KPSS – Glory!
Boris Berezovsky, 1962
KPSS stands for “Kommunisticheskaya partiya Sovetskogo Soyuza” – the Communist Party of the Soviet Union. This poster celebrates a series of feats, which intensified the space race and redefined the whole Cold War. On the left is Yuri Gagarin, the first man in space. To his right is Gherman Titov, the first person to spend a whole day in space. They are pictured alongside two other cosmonauts who made it to space. The achievements of these men both shocked and excited people in the U.S., and played a major role in Kennedy’s decision to prioritize sending a man to the moon.
Long Live Our Happy Socialist Land!
Gustav Klusis, 1935
Five years later, during the war, Stalin’s face wouldn’t be featured on so many posters. The Russian people couldn’t forget the sinister policies, the sweeping purges, and the brutal coercion he had imposed upon them between 1935 and 1940 – which were hardly masked by images of utopia such as this.
We Will Eradicate the Agents of Fascism
Sergei Igumnov, 1937
We Will Eradicate the Spies and Saboteurs, the Trotskyist-Bukharinist Agents of Fascism.”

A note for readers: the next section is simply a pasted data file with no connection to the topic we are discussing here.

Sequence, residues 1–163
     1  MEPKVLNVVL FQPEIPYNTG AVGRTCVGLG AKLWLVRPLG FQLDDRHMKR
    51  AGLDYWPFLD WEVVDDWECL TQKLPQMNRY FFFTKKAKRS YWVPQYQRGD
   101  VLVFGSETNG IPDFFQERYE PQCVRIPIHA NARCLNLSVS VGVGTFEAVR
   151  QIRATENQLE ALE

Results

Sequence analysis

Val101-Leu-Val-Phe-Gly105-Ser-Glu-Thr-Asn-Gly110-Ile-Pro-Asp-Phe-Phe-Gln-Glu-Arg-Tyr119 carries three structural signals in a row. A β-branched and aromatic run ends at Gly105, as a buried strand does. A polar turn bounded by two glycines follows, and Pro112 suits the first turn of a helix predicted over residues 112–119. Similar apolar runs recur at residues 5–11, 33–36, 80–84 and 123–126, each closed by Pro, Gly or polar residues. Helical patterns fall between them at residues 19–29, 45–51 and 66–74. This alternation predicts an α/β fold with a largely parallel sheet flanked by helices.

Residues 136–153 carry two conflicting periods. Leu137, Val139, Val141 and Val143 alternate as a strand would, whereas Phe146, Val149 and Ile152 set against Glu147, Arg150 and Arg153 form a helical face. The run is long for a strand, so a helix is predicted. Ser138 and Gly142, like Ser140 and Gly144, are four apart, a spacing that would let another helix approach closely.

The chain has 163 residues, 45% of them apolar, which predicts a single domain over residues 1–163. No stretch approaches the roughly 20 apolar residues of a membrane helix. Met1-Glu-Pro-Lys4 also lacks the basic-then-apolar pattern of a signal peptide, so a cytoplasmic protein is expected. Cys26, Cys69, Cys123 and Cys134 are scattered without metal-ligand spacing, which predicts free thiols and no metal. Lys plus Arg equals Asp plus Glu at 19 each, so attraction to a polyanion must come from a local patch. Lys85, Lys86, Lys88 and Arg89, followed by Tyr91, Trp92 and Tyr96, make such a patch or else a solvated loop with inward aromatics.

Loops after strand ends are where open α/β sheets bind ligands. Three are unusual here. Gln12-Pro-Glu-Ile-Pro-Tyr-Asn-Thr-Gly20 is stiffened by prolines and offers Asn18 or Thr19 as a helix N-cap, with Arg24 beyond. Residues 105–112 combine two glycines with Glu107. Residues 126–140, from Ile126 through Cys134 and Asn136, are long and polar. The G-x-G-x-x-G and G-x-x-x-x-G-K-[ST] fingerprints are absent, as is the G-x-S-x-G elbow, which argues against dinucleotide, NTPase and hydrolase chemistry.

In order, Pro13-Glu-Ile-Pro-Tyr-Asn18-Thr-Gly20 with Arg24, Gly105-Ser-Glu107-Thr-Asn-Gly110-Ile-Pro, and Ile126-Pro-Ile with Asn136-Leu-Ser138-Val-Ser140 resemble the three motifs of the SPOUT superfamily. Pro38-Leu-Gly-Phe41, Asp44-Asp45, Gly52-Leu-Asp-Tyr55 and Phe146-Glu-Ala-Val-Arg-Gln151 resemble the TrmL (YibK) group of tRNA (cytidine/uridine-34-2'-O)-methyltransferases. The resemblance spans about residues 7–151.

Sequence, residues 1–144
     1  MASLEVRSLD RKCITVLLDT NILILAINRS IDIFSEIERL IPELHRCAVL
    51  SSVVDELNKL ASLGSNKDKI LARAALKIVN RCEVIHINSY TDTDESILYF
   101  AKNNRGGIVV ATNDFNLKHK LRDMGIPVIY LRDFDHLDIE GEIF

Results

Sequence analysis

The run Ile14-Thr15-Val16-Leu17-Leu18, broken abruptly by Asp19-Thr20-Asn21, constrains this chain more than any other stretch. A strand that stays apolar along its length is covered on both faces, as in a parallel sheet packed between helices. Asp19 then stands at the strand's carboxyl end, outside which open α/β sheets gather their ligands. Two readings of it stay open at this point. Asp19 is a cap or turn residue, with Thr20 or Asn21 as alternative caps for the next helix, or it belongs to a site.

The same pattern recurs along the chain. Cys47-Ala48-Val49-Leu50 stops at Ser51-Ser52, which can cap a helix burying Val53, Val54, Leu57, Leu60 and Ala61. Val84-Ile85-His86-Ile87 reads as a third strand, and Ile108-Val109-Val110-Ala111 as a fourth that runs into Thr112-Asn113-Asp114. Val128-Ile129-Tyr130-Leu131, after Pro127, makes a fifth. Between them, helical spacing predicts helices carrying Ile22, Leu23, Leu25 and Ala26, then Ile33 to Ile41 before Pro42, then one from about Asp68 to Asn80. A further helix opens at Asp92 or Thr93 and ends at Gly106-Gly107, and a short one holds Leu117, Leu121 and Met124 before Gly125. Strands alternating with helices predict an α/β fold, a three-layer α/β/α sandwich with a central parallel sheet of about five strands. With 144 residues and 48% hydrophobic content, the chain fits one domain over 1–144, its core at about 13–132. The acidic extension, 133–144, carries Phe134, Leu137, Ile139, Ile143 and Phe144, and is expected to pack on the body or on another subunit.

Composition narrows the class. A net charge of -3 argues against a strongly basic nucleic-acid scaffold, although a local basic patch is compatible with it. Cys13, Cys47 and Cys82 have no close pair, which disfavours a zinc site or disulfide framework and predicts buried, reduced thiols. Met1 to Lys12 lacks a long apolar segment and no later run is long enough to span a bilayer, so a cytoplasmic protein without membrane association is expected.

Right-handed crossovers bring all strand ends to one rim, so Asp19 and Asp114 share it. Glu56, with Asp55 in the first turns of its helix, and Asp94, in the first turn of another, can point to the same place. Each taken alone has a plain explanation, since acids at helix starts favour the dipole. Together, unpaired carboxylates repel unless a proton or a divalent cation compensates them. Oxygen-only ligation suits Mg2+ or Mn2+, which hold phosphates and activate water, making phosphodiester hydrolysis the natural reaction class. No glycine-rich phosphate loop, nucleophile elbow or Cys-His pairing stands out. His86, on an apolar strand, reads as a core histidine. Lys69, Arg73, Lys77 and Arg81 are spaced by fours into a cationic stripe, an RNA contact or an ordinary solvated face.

This poster was published on behalf of the NKVD – the Soviet Secret Police – during the infamous Show Trials in Moscow. Stalin went on to personally direct what became know as the Great Purge, and later as the Great Terror. According to the propaganda of the time, the purge was a cleansing of the rotten elements in his government. But in reality, he meant to systematically suppress the voices of anybody he perceived as a threat to his own power. It’s a scary thought: propaganda posters such as this one could be used very effectively to keep the tide of opinion in his favour, despite the bloodshed.
Viktor Koretsky, 1941
Just before WWII, the end of the Spanish Civil War had seen a Nazi-backed Fascist government come to power, after the irresponsible western powers, Britain and France, refused to offer military assistance to the Spanish Republicans. Many left-leaning writers and artists from the west, most famously George Orwell and Ernest Hemingway, had volunteered to fight for the Republican cause. The collapse of the socialist Spanish Republic, and the suffering endured by its citizens during the war, was an emotional subject for many Russians.
By 1941, not only Spain but also France, Belgium and the Netherlands had fallen under Fascist rule. This double-imaged poster contrasts the tragic fate of these western countries with the strong, stable and prosperous society established in Soviet Russia under Stalin.
For the Motherland!
A. Polyansky, 1941
To the Russians, WWII was known as the Great Patriotic War. Less than six months after the poster above this one was published, Germany had abandoned its former understanding with Russia, and invaded. Much of Germany’s eastern-front fighting over the next three years took place on Soviet soil…
My Son! You See My Plight…
Fyodor Antonov, 1942